A Lady Plants a Crop

Indigo

You have read how Thomas Smith first raised rice in Carolina. After his death there lived in South Carolina a wise young woman. She showed the people how to raise another plant. Her name was Eliza Lucas. The father of Miss Lucas did not live in Carolina. He was governor of one of the islands of the West Indies. Miss Lucas was fond of trying new things. She often got seeds from her father. These she planted in South Carolina.

Her father sent her some seeds of the indigo plant. She sowed some of these in March. But there came a frost. The indigo plant cannot stand frost. Her plants all died. But Miss Lucas did not give up. She sowed some more seeds in April. These grew very well until a cut-worm found them. The worm wished to try new things, too. So he ate off the indigo plants.

But Miss Lucas was one of the people who try, try again. She had lost her indigo plants twice. Once more she sowed some of the seed. This time the plants grew very well.  Miss Lucas wrote to her father about it. He sent her a man who knew how to get the indigo out of the plant.  The man tried not to show Miss Lucas how to make the indigo. He did not wish the people in South Carolina to learn how to make it. He was afraid his own people would not get so much for their indigo. So he would not explain just how it ought to be done. He spoiled the indigo on purpose. But Miss Lucas watched him closely. She found out how the indigo ought to be made. Some of her father’s land in South Carolina was now planted with the indigo plants.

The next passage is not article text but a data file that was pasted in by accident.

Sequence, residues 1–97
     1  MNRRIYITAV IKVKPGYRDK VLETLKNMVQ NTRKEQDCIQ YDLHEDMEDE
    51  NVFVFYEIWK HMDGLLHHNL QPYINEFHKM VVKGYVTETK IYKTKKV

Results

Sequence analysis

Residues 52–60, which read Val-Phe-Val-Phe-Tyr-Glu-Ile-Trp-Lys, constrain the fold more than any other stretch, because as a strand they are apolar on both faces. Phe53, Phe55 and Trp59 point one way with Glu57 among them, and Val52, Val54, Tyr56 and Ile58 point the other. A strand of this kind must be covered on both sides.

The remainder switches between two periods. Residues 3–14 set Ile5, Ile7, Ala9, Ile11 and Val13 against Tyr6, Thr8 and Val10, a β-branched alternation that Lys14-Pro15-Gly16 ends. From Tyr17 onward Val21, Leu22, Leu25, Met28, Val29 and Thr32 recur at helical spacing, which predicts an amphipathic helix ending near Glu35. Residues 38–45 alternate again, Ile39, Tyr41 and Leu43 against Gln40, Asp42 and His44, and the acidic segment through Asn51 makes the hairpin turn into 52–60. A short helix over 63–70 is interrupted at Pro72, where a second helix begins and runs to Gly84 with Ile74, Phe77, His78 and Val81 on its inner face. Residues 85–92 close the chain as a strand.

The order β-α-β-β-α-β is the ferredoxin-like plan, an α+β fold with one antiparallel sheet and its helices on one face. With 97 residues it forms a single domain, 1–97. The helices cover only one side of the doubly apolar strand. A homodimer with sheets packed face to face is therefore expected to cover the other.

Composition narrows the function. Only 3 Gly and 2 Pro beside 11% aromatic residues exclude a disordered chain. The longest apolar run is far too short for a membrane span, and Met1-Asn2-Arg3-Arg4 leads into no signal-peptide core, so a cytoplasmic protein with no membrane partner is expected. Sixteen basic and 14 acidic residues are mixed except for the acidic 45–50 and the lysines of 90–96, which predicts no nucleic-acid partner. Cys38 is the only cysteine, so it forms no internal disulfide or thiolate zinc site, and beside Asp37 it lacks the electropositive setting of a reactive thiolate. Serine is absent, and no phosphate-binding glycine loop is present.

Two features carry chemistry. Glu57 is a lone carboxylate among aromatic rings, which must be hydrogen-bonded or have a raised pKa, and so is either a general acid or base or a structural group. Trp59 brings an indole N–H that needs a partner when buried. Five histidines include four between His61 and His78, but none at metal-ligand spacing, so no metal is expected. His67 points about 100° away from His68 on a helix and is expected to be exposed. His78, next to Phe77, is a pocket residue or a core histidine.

Then Miss Lucas was married. She became Mrs. Pinckney. Her father gave her all the indigo growing on his land in South Carolina. It was all saved for seed. Some of the seed Mrs. Pinckney gave to her friends. Some of it her husband sowed. It all grew, and was made into that blue dye that we call indigo. When it is used in washing clothes, it is called bluing.

In a few years, more than a million pounds of indigo were made in South Carolina every year. Many people got rich by it.

And it was all because Miss Lucas did not give up.

SOURCE:  Stories of Great Americans for Little Americans                                                      By Samuel Eggleston                                                                                                           American Book Co  1893                                                                                                       Digitized by Google                                                                                                                 Available for free download from Google Books

Tomorrow,  George Washington’s Christmas Gift   Rita Bay

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